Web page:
Oil prices slumped, on Monday, with Brent crude futures recording $69.78 per barrel, down $1.07, following the United States President Donald Trump’s announcement that he would sharply raise tariffs on Chinese goods this week, risking the derailment of trade talks between the two largest economies.
On Sunday, Trump wrote on Twitter account that, “For 10 months, China has been paying tariffs to the US of 25% on 50 Billion Dollars of High Tech, and 10% on 200 Billion Dollars of other goods,” adding that “the 10% will go up to 25% on Friday.”
Last week, the prices of oil in global markets jumped to $73.60 per barrel on the back of the US decision to revoke sanction waivers on Iranian oil, and the renewal of sanctions on Venezuela, which would cause a reduction in their oil exports.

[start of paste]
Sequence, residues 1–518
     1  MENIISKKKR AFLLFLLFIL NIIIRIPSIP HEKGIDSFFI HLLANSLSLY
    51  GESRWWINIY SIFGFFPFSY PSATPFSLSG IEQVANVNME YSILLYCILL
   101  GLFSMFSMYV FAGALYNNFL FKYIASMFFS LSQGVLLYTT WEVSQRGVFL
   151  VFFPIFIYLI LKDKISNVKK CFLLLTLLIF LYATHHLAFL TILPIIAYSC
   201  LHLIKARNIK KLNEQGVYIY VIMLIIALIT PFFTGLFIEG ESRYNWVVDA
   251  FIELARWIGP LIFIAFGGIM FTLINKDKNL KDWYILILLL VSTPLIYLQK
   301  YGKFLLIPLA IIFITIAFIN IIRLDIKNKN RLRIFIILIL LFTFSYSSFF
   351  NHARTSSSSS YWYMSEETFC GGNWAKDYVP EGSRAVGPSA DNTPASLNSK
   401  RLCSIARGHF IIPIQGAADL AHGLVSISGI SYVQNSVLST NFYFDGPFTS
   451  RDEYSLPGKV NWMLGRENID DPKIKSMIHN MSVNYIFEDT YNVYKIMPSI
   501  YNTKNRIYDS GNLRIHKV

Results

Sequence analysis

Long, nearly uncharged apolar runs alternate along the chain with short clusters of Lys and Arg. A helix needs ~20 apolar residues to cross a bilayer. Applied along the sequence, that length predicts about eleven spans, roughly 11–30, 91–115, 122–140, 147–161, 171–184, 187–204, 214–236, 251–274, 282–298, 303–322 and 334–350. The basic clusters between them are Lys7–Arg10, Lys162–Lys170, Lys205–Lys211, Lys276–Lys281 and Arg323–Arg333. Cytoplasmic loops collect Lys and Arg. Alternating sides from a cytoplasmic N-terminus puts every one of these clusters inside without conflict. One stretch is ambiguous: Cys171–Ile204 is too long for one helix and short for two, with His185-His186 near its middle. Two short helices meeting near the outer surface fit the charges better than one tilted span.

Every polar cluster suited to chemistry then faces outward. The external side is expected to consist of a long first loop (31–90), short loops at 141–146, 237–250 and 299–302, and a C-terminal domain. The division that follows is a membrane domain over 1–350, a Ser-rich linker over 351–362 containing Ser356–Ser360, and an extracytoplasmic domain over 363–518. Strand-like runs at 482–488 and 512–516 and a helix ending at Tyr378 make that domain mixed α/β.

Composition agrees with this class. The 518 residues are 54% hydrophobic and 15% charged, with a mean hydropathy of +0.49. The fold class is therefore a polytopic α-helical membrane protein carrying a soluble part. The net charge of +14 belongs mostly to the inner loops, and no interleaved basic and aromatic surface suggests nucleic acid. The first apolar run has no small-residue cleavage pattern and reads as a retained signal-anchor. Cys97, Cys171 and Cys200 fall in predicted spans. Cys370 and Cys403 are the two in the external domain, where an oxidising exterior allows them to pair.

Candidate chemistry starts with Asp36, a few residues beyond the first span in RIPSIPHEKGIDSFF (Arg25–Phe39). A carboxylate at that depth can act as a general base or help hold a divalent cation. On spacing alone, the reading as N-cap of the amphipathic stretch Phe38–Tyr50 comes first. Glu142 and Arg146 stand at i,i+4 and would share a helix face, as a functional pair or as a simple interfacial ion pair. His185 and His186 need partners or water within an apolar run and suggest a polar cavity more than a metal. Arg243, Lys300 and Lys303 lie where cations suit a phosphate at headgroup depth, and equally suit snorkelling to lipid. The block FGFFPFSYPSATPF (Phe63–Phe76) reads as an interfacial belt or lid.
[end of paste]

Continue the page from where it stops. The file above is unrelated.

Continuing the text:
In Egypt’s case, the North African nation is highly vulnerable to crude oil price fluctuations, as each $1 increase in the Brent crude’s price would cost the state EGP 4bn, according to the country’s finance ministry.
Egypt’s new draft budget sets the price of Brent crude at $68 per barrel, up from $67 per barrel in the current fiscal year. In the 2017/18 budget, the price of an oil barrel globally was set at $55.
On the other hand, Saudi Arabia, the world’s top crude oil producer and exporter has raised its crude oil prices for June to its Asian and European customers. However, the kingdom decided to cut prices to the US, a signal that Riyadh is in no hurry to boost oil supply ahead of an OPEC meeting next month.
Saudi Aramco raised the June price for its Arab Light grade for Asian customers by $0.70 per barrel versus May to a premium of $2.10, the company announced on Sunday.